Humber Help

tackling homelessness & poverty in the Humber region

Poem: Feet.


Your feet, they pass;
some slow, most fast,
in rain, they splash,
in sun, they dash.

I’m here, a face;
this doorway, a space,
a residence, my place.
Your legs, blurred haste.

You have the world
at your feet.
But me,
I’m beneath.

© 2016 Louise Beech.

Author of How to be Brave (2015) The Mountain in my Shoe (2016) and Maria in the Moon (2017).

Continue Reading

Poem: To Let.

To Let

I’ve never really had a home
just a series of rooms I’ve stayed in,
rooms in which thoughts have played in
rooms in which dreams have decayed in

rooms where the hours have passed
rooms where the spells have been cast
rooms where I’ve lost my mind
white rooms
black rooms
rooms where I’ve been left behind

rooms where I’ve toasted the passing of the day
rooms where my empty head can lay
rooms in which I’ve made love
green rooms
blue rooms
rooms in which bags are shoved

rooms with locked doors
rooms with dirty floors
rooms where spirits have been crushed
red rooms
dead rooms
rooms where limits have been pushed

rooms where there’s something missing
rooms where there’s no pot to piss in
rooms where I’ve shivered in the cold
light rooms
dark rooms
rooms in which my story will be told.

We are as transitory as furniture –
gathering dust
we just
occupy a space
until we are replaced
by something else;
thrown onto the street like
a carpet
a table
a chair
or a broken shelf.

© 2008 Joe Hakim

Joe Hakim writes stuff, says stuff, knows nowt… author of ‘No Light Might Escape’, a gritty monologue that charts the turbulence of not having a home.

Continue Reading

Poem: What Love Looks Like on Wind Blown Streets

What love looks like on wind-blown streets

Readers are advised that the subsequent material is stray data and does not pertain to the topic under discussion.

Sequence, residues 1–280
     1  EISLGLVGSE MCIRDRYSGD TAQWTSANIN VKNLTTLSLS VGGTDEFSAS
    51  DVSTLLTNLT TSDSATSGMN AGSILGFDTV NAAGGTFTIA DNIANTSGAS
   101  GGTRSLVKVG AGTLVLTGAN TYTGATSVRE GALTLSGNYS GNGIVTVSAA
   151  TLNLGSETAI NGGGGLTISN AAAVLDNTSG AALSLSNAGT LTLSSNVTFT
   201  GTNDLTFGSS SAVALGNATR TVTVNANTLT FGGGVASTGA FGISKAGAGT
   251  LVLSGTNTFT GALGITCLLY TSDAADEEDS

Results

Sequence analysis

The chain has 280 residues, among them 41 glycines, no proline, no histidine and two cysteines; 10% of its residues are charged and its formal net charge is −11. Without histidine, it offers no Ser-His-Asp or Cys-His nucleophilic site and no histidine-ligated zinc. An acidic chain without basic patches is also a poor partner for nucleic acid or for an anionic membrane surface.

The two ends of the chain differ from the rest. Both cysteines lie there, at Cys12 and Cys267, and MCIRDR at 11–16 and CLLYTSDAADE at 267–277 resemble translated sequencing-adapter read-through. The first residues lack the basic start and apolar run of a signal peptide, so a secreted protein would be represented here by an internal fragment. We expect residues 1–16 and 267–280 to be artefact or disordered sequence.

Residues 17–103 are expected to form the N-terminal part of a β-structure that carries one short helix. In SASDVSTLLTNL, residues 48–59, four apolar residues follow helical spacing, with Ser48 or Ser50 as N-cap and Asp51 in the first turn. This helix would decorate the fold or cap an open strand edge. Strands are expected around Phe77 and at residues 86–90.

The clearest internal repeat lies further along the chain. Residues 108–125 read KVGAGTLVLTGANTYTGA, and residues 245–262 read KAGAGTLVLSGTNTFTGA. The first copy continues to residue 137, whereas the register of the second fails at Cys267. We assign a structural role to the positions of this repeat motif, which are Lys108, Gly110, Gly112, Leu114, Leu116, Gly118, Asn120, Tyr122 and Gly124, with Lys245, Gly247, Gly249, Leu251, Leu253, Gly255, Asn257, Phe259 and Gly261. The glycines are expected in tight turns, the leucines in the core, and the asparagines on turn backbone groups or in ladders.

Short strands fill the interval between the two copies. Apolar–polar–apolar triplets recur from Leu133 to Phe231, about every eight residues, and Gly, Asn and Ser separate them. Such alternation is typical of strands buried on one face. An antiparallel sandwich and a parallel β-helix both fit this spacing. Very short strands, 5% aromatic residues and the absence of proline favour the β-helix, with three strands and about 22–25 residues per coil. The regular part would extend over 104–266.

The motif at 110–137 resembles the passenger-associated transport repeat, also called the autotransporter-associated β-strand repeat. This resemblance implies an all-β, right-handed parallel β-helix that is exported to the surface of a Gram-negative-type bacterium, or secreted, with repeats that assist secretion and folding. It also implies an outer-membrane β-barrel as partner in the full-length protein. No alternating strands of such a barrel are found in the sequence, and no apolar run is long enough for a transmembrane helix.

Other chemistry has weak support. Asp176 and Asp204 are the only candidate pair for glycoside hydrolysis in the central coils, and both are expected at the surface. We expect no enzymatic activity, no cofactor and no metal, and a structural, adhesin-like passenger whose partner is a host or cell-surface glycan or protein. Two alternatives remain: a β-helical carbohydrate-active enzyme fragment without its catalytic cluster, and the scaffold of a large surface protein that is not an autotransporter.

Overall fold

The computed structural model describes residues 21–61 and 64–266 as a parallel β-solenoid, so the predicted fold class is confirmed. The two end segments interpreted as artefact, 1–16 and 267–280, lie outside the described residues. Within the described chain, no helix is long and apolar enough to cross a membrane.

I saw a man,
made out of cheap cuts
of meat from the market,
crying into the paper cup
in his knuckle-heavy hand,
saving salted tears
for his dry lips.

He stroked his dog,
black and gold Alsatian,
who had seen everything
through David Bowie eyes,
biting sore paws,
keeping lookout
for you to return.

He danced a tango,
meant for you but without you.
Army boots tap
irregular pulses on pavement .
That same tick-tock
as the grandfather clock
in your house.

He twisted into oak tree shapes,
for the crowd
who watched from the bus stand.
His eyes, like those of the dog,
filtering faces to find yours.
Hands held out for small change
to soften the hurt.

And I wonder,
where have you made your home?
Why have you left him here,
crying into the paper cup
in his knuckle heavy hand,
saving salted lips
for sweet reunion with yours
on these wind-blown streets?

© 2016 Matt Nicholson

Matt Nicholson: writer, poet, on any given night to be found in venues across the North sharing his pride for his hometown of Hull. Debut collection ‘There and Back To See How Far It Is’ available through King’s England Press.

Continue Reading